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Dating of Cortical Hemorrhages

Forensic practice often requires dating of contusional (and intracerebral) hemorrhages (cf. Müller 1930; Lindenberg and Freytag 1957; Krauland 1973;

Fig. 9.10a-d. Scar formation process. The end phase of reactiv- enous fibers (a, b van Gieson, c H&E, d Prussian blue reaction; ity is characterized by a cystic scar produced by glial and collag- magnification a-d x10)

Oehmichen and Raff 1980; Oehmichen et al. 1981; Oehmichen 1990; Hausmann 2002). A temporal classification is possible within certain limits based on neuronal degeneration and the leukocyte, glial cell, and mesenchymal reactions.

Analysis of more than 300 cases of mechanically induced cortical hemorrhage produced detailed statistical data regarding the individual phenomena, which will only be dealt with briefly here (cf. Oehmichen et al. 2003). The results may be transferred to timing problems in instances of intracerebral hemorrhages - within certain limitations. The temporal course is given in Table 9.4 and the following observations were made.

Primary mechanically induced hemorrhage is followed by three phenomena that occur simultaneously: (1) red blood cell flooding, (2) degeneration of neurons, axons, and white matter, and (3) emigration of leukocytes.

Red blood cells (Fig. 9.6) are the hallmarks of a vessel tear caused by mechanical injury. The degradation of the erythrocytes takes time and depends on the extent of the bleeding. Because of spontaneous rebleeding, which cannot be definitively ruled out, intact red blood cells are present for nearly 5 months after the initial blunt impact, but only in very rare cases.

The changes in the degenerating neurons (Fig. 9.14) consist of a cloudy swelling and/or a shrinkage and nuclear pyknosis. They become visible within the first few minutes after external violence to the brain. Ischemic nerve cell injury is uncommon. Over the ensuing hours and days, the neurons disappear, in part without a reaction, in part in the form of a satellitosis (after 4 h and 45 min at the earliest). Sometimes, however, they remain in loco and are mineralized in situ (ferruginated) for 6 days to several years.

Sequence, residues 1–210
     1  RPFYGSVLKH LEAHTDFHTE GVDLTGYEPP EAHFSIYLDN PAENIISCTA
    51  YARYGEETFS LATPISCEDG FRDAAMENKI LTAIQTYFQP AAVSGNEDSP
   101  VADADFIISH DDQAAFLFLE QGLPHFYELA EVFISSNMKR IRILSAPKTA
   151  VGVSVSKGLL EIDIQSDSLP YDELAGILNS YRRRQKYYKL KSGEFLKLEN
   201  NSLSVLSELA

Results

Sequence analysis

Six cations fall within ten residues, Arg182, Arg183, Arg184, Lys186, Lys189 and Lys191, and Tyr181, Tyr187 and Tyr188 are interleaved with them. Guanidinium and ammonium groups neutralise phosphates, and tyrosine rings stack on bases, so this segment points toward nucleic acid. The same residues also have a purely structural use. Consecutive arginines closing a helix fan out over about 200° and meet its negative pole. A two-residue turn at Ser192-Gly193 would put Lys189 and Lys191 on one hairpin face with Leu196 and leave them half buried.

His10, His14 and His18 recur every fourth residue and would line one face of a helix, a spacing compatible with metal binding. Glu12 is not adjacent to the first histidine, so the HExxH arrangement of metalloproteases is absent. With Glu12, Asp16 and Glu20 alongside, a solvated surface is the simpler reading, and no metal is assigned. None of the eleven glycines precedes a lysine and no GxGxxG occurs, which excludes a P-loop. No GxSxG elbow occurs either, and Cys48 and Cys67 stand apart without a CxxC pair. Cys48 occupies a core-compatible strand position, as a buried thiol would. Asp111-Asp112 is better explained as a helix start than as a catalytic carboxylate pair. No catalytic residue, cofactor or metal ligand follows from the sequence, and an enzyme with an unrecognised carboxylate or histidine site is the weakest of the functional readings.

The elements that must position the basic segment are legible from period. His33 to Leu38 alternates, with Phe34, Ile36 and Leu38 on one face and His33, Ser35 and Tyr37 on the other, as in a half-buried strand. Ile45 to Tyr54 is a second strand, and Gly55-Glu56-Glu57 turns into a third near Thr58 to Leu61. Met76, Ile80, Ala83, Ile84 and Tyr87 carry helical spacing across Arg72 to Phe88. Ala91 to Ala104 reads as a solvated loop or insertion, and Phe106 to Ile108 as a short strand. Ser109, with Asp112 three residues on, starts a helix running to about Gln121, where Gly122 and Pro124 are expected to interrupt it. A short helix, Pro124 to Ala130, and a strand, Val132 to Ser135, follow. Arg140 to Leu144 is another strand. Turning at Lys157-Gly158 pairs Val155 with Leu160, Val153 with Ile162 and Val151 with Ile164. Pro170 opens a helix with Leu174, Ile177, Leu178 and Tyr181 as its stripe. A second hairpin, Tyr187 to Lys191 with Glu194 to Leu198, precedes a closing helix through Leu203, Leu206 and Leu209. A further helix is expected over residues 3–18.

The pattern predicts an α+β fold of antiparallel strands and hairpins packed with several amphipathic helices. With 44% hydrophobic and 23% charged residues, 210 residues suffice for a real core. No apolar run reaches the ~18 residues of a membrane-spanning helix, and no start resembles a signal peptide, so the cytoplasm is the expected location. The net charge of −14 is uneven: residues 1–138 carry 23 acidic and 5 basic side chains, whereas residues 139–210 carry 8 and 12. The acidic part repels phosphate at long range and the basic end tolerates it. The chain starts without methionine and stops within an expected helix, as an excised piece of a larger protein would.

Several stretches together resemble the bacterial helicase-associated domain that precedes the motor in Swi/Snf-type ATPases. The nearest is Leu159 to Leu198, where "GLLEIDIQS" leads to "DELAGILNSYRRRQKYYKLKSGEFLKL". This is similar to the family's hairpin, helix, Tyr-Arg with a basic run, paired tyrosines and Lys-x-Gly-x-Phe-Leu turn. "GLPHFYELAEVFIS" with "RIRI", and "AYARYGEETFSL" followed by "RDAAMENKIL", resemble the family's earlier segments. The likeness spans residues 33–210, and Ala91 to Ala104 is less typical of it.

Between 10 and 70 min after wounding, extravasal polymorphonuclear leukocytes (neutrophils) (Fig. 9.7) may appear within and around the hemorrhage. This phenomenon is especially conspicuous if perivascu-lar bleeding is accompanied by neuropil destruction, i.e., if the hemorrhages are associated with destruction of brain tissue at the site of impact. The earliest neutrophilic emigration is seen as a reactive process in contusion injuries associated with subarachnoid hemorrhage. The number of neutrophils decreases during the first 3 days after wounding.

Macrophages and/or activated microglia (Fig. 9.8) are seen within 11-12 h (Oehmichen 1978). Their number increases during the ensuing 7-14 days, then their numbers decline again. In many instances, macrophages can still be demonstrated in the vicinity of the scar tissue years later.

Fig. 9.11a-f. Scar formation process. a, b Endothelial proliferation associated with macrophages; c-f different stages of an in-

The behavior of lipid-containing macrophages over time is a function of the type of fat they contain (Oehmichen et al. 1986). The lipid within the macrophages is the result of myelin degradation. Using a myelin stain such as Luxol fast blue (Fig. 9.15) myelin-containing macrophages (Fig. 9.15b) are demonstrated. Intracellular neutral fat first appears 17 h post impact (Fig. 9.16a). Immunohistochemical demonstration of myelin debris (Lassmann 1997) can provide further information regarding the temporal course of the phagocytic process in brain macrophages.

1. In the acute phase of myelin breakdown, as a result of the traumatic event, the presence of im-munoreactivity for both myelin oligodendrocyte